Alumni Update: Ashleigh Dean Ikemoto (Ph.D., ’16)

Dr. Ashleigh Dean Ikemoto, a 2016 alum of the doctoral program, recently sent an update on her career trajectory since graduating from Emory. As she discusses below, Dean recently published her first book, Pedro de Alfaro & the Struggle for Power in the Globalized Pacific, 1565-1644 (Rowman & Littlefield, Lexington Books). The book derives from her dissertation, which was advised by Dr. Tonio Andrade. Enjoy Ashleigh’s update below!

“Since finishing my PhD, I taught at Monmouth College in New Jersey and at Gordon State College in Georgia before beginning at Georgia College in 2018. My doctoral research was on Spain’s frustrated attempts to conquer Ming Dynasty China. This year I published a book based on my dissertation. It examines the career of Pedro de Alfaro (d. 1580), a Spanish Franciscan whose illegal entry into China sparked a chain of events that contributed to the development of an interconnected Pacific economic and diplomatic maritime zone.

“I am still engaged in the field of early modern history and still teach East Asian history, but I currently spend most of my time working on food history. I teach courses on the historical methodology of foodways, Asian and Asian-American food, Jewish food, Mediterranean food, and the history of alcohol.

“Beginning in January 2023, I will be Co-Director of Georgia College’s Global Foodways Program, which provides an undergraduate certificate and opportunities for community outreach and study abroad. I have also done two research fellowships in pursuit of food-related research and pedagogy: one in Mongolia as a Henry Luce Foundation American Center for Mongolian Studies Field School participant in 2022, and one this past summer as a Brandeis University Schusterman Center for Israeli Studies Fellow in Israeli & the West Bank.

“My time at Emory prepared me to see history as a universally-applicable discipline, letting me branch out beyond my dissertation research and broadening my perspective as an educator.”

Are you an Emory History alumnus? Please send us updates on your life and work!

Chira to Lead Inaugural Study Abroad Program to Cuba

The Emory History Department will inaugurate a study abroad program in Cuba in May 2024. Titled “History, Environment, and Society,” the 4-credit program will be led by Dr. Adriana Chira, Associate Professor of History, and be run in collaboration with the Fundación Antonio Nuñez Jiménez de la Naturaleza y el Hombre in Havana and Learn from Travel. Highlights of the program include: experiencing a rumba street party, visiting a tobacco farm, and snorkeling at a starfish reserve. If you are interested and/or have questions, please contact Prof. Chira at adriana [dot] chira [at] emory [dot] edu.

Students in Rodriguez’s ‘LatinX US History’ Class Make Altar for Día de los Muertos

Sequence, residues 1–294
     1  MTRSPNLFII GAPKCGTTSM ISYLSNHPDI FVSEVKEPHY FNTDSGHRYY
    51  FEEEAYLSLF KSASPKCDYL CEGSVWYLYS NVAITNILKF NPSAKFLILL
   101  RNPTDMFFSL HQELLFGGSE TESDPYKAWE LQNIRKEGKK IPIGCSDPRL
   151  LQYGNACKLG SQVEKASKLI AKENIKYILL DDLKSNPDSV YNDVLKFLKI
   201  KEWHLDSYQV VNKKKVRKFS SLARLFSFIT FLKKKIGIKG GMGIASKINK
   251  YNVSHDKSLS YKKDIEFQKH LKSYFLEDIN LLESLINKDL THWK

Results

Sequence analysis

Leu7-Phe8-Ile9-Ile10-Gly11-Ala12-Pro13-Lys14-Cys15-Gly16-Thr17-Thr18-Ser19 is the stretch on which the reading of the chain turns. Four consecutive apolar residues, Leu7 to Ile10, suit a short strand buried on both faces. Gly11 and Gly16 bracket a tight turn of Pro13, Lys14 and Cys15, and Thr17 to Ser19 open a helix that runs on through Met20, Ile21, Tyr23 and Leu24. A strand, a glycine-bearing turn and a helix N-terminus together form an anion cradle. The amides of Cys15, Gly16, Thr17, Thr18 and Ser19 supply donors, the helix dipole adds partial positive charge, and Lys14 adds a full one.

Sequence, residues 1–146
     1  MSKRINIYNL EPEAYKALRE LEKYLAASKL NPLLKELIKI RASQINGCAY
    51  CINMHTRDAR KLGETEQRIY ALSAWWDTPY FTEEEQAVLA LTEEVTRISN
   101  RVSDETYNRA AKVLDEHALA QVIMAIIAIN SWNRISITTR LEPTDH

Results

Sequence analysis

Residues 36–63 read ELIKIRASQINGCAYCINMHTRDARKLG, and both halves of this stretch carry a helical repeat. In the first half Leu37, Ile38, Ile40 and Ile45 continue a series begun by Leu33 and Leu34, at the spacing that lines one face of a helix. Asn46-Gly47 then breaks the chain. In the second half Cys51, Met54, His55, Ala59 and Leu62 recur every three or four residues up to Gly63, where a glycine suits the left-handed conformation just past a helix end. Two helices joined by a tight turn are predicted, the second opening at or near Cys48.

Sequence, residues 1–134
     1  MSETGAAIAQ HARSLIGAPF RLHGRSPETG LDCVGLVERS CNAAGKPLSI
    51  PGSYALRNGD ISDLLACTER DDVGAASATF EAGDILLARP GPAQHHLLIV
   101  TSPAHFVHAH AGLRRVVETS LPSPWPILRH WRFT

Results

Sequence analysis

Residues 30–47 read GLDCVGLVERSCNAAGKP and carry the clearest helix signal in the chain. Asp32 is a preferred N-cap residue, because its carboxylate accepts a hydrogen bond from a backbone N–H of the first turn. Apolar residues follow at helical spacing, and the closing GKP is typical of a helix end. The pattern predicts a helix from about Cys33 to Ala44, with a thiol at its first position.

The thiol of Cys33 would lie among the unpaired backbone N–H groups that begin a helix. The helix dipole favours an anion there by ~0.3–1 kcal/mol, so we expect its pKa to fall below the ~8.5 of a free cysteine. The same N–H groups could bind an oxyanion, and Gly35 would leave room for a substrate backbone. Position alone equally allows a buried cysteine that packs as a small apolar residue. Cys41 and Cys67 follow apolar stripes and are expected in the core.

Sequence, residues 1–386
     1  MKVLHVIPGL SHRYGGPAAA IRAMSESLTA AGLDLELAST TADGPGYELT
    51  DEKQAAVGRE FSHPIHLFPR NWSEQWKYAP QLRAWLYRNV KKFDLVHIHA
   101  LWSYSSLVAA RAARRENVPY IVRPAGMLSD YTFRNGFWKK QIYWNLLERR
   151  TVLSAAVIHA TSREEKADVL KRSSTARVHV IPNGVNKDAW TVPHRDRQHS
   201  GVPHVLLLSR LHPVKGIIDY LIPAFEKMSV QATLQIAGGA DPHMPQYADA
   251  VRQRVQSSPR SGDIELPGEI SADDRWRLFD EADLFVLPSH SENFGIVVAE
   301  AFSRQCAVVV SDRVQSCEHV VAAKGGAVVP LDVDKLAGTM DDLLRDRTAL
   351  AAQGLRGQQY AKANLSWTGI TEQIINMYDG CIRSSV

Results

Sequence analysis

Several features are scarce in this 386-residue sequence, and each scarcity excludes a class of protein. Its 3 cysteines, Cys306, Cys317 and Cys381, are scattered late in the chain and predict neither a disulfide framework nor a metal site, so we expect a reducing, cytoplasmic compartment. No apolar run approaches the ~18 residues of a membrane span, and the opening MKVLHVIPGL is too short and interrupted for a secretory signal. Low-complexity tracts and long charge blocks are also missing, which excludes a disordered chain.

Earlier this semester students in Dr. Yami Rodriguez’s course “LatinX US History” produced an altar for Día de los Muertos, or Day of the Dead, on the first floor of Bowden Hall. Practiced in Mexico, especially, and throughout other Latin American countries, these altars are meant to celebrate loved ones who have passed and invite them to reunite with those still living. The “LatinX US History” course invited all to participate in the practice by displaying a picture or making an offering to a loved one. Read more about this wonderful project below.

Malinda Maynor Lowery Discusses Native Pasts, Presents, and Futures in Walk & Talk with Josh Newton

Dr. Malinda Maynor Lowery, Cahoon Professor of American History, recently joined Senior Vice President of Advancement Josh Newton for an edition of his series Walk & Talk with Josh Newton. Lowery, a member of the Lumbee Tribe of North Carolina and a historian of Native America, discusses her work as a scholar, teacher, documentary filmmaker, and tribal community member. Since coming to Emory from UNC-Chapel Hill in 2021, Lowery has been instrumental in facilitating Emory’s reckoning with practices of dispossession and colonialism, including by helping to craft the university’s Land Acknowledgement and creating a deep, reciprocal partnership with the College of the Muscogee (Creek) Nation. Lowery will lead Emory’s new Center for Native American and Indigenous Studies, set to launch in the 2023-24 academic year. Watch her conversation with Newton, which also includes discussion of what drew her to the History Department, here: “Understanding the present begins in the past.”

Arts and Social Justice Fellow Collaborates with Mortimer’s ‘Intro. to Native American History’

Atlanta-based painter and social practice artist Bird Harris, a 2023-24 Arts & Social Justice (ASJ) fellow at Emory, has worked this past semester with Dr. Loren Michael Mortimer‘s class “HIST 285: Introduction to Native American History.” Now in its fourth year, the ASJ program pairs artists in Atlanta with faculty across schools at Emory to “reimagine an existing course, injecting a creative approach to addressing the social justice issues that surfaced within class conversations.”

Harris led students in the course on a Radical Noticing Walk through the sacred Ocmulgee Mounds National Historic Park during their historic trip to the 31st Ocmulgee Indigenous Celebration in September of this year. That walk formed part of a broader project she has developed with students in Mortimer’s class, titled “Land as Living Memory.” Mortimer is Provost Postdoctoral Fellow in Native American history in the History Department. His book manuscript, Kaniatarowanenneh Crossings: Indigenous Power and Presence in the St. Lawrence River Watershed, 1534-1842, is under advance contract with University of Nebraska Press.

“I believe the earth has a long memory and that we, often intentionally, do not. I view my roles as an artist, mother, historian, and citizen as deeply intertwined and linked to the same core responsibilities: interrogate imbalances, reckon with hard histories, create beauty, and work towards a future of natural equilibrium. Having just moved my family from our home in New Orleans, one of the fastest disappearing land masses in the world, my work is a meditation on land loss, the multiple histories of American land, and mothering in the face of ecological collapse.”